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BOARDS AND COMMITTEES

They are volunteers, too!
Look here for information and the latest techniques to develop your board or committee. The purpose is to help those who work or serve on nonprofit boards of directors or committees.

~January 2014~

cartoon figures around a table

ESTABLISHING A COMMITTEE

Is a committee the way to go?  Never leap to forming a committee before asking yourself these questions:

  • What is the purpose?
  • What does it look like if you accomplish the project
  • Can it be accomplished by one or two people?
  • Is there an obvious and skilled leader available?
  • What is the “climate” in your organization about using committees to accomplish things?

Write that purpose down.


Create an enthusiastic and clear purpose statement.   The committee needs focus to be successful.


Select the right members


Make a list of every volunteer who is interested in the project described in the purpose statement.  Then list the “go-getters.”  Those people who always get things done.  Match people to form the Committee; experience, skills, follow-through, ability to play “nice” with others, reliable, problem solvers data people, idea people, and those who will be the “closers.”   Members should be carefully selected.  Create a diverse group without being incompatible.  Recruit people with different perspectives.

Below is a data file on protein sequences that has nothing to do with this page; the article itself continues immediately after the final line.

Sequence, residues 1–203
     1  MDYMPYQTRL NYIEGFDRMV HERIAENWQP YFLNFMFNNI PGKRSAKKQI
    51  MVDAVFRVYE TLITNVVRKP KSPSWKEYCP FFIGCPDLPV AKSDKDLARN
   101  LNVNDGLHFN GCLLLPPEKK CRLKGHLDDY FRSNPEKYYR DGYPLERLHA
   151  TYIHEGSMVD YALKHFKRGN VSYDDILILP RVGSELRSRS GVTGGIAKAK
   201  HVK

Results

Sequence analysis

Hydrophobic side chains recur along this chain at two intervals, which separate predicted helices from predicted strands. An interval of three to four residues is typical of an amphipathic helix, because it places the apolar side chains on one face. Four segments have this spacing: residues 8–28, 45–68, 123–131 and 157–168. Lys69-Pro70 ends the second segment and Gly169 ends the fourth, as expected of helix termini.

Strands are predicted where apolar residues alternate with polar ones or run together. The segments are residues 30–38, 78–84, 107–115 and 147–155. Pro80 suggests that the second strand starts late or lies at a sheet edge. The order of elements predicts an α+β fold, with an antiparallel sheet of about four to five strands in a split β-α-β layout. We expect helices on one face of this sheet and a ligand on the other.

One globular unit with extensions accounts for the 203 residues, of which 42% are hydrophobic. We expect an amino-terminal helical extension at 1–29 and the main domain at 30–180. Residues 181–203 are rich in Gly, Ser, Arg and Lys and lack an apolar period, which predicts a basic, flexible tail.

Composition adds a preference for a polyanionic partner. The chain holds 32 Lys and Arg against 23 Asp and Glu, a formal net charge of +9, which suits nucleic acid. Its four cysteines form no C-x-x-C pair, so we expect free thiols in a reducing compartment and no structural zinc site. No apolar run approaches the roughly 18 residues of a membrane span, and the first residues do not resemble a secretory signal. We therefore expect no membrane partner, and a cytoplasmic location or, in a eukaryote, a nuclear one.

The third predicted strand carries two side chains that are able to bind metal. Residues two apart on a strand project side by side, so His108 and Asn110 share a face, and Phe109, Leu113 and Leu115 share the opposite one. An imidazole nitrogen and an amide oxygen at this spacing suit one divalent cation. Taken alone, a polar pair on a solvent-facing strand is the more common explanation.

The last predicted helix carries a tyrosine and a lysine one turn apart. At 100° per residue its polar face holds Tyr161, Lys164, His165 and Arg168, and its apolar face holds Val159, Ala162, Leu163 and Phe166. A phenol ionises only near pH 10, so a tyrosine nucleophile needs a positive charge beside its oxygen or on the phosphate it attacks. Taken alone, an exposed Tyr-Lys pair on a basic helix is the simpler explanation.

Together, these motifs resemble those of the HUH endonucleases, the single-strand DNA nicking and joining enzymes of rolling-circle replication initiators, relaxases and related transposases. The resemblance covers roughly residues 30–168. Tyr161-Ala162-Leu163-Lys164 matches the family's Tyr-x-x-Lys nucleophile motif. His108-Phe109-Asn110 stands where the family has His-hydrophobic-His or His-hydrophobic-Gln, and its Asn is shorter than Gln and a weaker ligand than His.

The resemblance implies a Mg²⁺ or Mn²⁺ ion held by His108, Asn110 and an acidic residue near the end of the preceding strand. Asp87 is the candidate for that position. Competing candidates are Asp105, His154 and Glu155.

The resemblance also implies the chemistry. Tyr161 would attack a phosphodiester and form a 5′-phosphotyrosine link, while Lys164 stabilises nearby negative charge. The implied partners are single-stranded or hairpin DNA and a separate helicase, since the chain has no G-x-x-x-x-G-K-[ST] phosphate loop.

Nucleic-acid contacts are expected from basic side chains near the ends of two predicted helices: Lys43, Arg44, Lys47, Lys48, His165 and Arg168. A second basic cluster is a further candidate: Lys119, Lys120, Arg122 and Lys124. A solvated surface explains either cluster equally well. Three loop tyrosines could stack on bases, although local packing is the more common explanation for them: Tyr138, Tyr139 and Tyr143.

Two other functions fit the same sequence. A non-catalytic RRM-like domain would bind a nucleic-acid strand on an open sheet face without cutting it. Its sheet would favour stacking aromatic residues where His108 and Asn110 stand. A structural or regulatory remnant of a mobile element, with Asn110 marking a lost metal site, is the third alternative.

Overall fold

When asking people to participate tell them you expect openness to new ideas and other people’s opinions.  Impress on the person how the purpose is accomplished through a process of give and take in open discussion.

A well informed leader


The leader of a committee must realize that the success or failure of that committee rests squarely on his/her shoulders. The primary duty of the leader is to guide the group’s discussions. He/she should encourage every member to participate in the meetings and keep the discussion focused on the matter at hand. Meetings should start and end as scheduled and the agenda should be followed.
The leader is also responsible for encouraging opportunities for interactions between the members. Committee members should be provided the opportunity to get to know each other. Groups tend to work better if the members are familiar with one another. If members don’t get along well, the leader must not allow those members to impede the flow of the meeting. A quick solution is not to allow the conflicting people to sit near each other or in the direct line of fire.
Committees are an integral part of every successful organization. A committee with a clear purpose, a well-informed leader and dedicated members is on its way toward success.

Committees are an integral part of every successful organization. A committee with a clear purpose, a well-informed leader and dedicated members is on its way toward success.

cartoon characters around a table
Good luck!

 


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